- Dachshund is a breed of dog, also known as wiener dogs, badger dogs, or sausage dogs. They are recognizable for their short legs and long bodies. Here are some other facts about Dachshunds.
- Dachshunds have been bred to be regular-sized (16-32 pounds) and miniature (11 pounds). An even smaller variety, known as rabbit-sized, is also bred. However, it is not a recognized breed according to the American Kennel Club.
- There are three coat types found in dachshunds: smooth coat (short hair), long-haired, and wire-haired.
- Their distinct long ears and long tail were purposely bred into the breed.
- The long, flap-down ears aid in protecting the ear canal from grass, dirt, and other things entering the ear while digging and burrowing.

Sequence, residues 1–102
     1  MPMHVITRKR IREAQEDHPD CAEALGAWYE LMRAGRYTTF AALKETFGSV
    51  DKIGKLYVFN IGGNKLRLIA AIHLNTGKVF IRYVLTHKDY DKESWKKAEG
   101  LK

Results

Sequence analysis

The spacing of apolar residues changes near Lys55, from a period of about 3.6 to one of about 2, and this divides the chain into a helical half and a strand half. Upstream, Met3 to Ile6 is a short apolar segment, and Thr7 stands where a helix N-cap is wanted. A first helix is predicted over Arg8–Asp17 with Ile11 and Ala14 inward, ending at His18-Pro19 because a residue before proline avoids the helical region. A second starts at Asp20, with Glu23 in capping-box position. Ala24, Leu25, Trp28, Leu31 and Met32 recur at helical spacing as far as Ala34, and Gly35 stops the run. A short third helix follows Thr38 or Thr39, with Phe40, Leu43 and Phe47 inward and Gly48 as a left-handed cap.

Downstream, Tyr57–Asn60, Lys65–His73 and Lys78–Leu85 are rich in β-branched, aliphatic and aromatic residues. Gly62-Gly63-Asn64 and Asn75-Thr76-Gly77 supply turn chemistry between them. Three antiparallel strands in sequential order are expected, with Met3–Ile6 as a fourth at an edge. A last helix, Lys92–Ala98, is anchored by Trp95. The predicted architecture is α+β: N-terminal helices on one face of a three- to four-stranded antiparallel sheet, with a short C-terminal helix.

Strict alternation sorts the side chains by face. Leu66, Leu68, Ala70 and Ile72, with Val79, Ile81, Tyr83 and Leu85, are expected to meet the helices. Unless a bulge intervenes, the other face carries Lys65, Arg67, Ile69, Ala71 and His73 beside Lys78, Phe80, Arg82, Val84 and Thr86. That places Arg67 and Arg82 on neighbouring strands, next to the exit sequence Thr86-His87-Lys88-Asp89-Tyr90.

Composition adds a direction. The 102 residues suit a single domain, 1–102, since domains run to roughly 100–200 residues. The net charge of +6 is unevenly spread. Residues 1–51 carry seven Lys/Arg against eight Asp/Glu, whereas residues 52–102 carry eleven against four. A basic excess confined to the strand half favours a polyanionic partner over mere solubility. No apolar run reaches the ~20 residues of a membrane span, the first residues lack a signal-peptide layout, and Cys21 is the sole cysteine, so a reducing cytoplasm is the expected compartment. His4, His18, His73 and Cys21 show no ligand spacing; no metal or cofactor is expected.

- The long tail serves to help their master find them in tall grass and bushes.
- Their long spines and short legs make them prone to issues with their spines and knees.
- They began to be bred in the 18th century to hunt burrowing animals like badgers, rabbits and foxes.
- Dachshund is a German name, which translates to badger dog.
- Though discouraged by breeding associations, dachshund racing is an immensely popular spectator sport, often drawing large crowds to greyhound tracks for the infrequently occurring events.
- A Dachshund named Waldi was the first mascot of the 1972 Summer Olympics in Munich, Germany.
- Famous Dachshund owners have included Grover Cleveland, John F. Kennedy, William Randolph Hurst, E.B White, Pablo Picasso, Clark Gable & Andy Warhol.